Swimming in the Dark (2020)

Polish title: Płynąc w ciemnościach (2020)
By: Tomasz Jedrowski
Published by: Bloomsbury
Originally published by: OsnoVa

Set in early 1980s Poland against the violent decline of communism, a tender and passionate story of first love between two young men who eventually find themselves on opposite sides of the political divide—a stunningly poetic and heartrending literary debut for fans of Andre Aciman, Garth Greenwell, and Alan Hollinghurst.

When university student Ludwik meets Janusz at a summer agricultural camp, he is fascinated yet wary of this handsome, carefree stranger. But a chance meeting by the river soon becomes an intense, exhilarating, and all-consuming affair. After their camp duties are fulfilled, the pair spend a dreamlike few weeks camping in the countryside, bonding over an illicit copy of James Baldwin’s Giovanni’s Room. Inhabiting a beautiful natural world removed from society and its constraints, Ludwik and Janusz fall deeply in love. But in their repressive communist and Catholic society, the passion they share is utterly unthinkable.

Once they return to Warsaw, the charismatic Janusz quickly rises in the political ranks of the party and is rewarded with a highly-coveted position in the ministry. Ludwik is drawn toward impulsive acts of protest, unable to ignore rising food prices and the stark economic disparity around them. Their secret love and personal and political differences slowly begin to tear them apart as both men struggle to survive in a regime on the brink of collapse.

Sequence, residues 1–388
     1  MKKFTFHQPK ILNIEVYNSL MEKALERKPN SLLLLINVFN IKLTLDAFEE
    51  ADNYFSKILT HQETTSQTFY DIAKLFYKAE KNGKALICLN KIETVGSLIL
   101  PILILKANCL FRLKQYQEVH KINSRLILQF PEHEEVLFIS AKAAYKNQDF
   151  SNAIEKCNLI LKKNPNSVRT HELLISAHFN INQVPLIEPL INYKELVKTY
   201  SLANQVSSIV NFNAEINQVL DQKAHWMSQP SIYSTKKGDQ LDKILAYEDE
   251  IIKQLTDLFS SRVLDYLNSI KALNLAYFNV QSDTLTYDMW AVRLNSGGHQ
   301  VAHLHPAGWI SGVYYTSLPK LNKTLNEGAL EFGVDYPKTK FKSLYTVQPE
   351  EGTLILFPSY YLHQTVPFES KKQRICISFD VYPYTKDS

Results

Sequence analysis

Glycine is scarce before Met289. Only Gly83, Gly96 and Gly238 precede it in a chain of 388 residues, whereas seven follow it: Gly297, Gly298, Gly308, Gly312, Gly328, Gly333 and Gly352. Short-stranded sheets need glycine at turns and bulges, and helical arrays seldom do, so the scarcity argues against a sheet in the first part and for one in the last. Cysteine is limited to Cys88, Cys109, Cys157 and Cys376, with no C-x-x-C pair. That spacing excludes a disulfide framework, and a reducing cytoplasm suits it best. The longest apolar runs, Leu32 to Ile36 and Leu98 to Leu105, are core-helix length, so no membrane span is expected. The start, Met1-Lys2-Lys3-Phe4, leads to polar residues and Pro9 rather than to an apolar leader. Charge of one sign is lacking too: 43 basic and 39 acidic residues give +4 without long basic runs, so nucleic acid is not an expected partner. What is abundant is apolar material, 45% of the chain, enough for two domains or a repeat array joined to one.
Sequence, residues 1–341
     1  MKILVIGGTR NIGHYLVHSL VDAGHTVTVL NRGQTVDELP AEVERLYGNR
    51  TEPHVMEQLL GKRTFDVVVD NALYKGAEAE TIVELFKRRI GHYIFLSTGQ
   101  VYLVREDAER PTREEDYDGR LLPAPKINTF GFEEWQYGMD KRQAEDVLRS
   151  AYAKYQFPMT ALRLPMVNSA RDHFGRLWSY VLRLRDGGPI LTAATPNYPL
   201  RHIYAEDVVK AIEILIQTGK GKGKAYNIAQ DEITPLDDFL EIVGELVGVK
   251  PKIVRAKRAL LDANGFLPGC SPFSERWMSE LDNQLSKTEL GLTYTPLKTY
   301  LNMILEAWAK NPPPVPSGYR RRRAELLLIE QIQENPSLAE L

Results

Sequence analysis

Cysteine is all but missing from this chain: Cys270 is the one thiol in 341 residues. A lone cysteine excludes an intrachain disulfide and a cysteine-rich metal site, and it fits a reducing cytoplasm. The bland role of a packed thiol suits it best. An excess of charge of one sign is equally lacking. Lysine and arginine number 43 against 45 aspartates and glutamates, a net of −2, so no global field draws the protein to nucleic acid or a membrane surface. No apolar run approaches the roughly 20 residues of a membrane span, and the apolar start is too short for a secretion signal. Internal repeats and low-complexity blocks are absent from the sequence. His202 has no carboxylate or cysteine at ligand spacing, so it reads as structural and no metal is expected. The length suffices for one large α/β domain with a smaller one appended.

Shifting from the intoxication of first love to the quiet melancholy of growing up and growing apart, Swimming in the Dark is a potent blend of romance, post-war politics, intrigue, and history. Lyrical and sensual, immersive and intense, Tomasz Jedrowski has crafted an indelible and thought-provoking literary debut that explores freedom and love in all its incarnations.

~ taken from Good Reads


A short review in The Guardian

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Zielony Balonik book club notes:

Jenny Robertson writes:

I bought the book because the author’s Polish name interested me. On first read I enjoyed it very much. The story flowed, we could say, forgive me, it went swimmingly.
I found it very evocative of the time, the student work camp, the Polish countryside and hospitality of local farmers all rang true, as did the student party, oh, that chocolate cake which Ludwik didn’t eat. I could almost taste it!
The relationship and contrast of character and outlook between Ludwik and Janusz was well done. He notes wryly that the name  Janusz could break down to ja nóż, I, knife. He is going to be hurt.
In our discussion we noted the lies that people had to tell to survive, get necessary medication, even get accepted on to further studies.
But the thing that is the nub of the book, the police interview didn’t work for me. It hinged on the lonely man in the park, who gives the young Ludwik his first sexual experience, having given Ludwik’s name to the police, I cannot think that this man who had been in a Soviet prison would have given his name to a young inexperienced boy and expected to hear the boy’s in return. No way! Anonymity was all important.
And, pleasant though this story was, it no way deserves the six figure sum the author received for it. It has no lasting value and lacks profundity.

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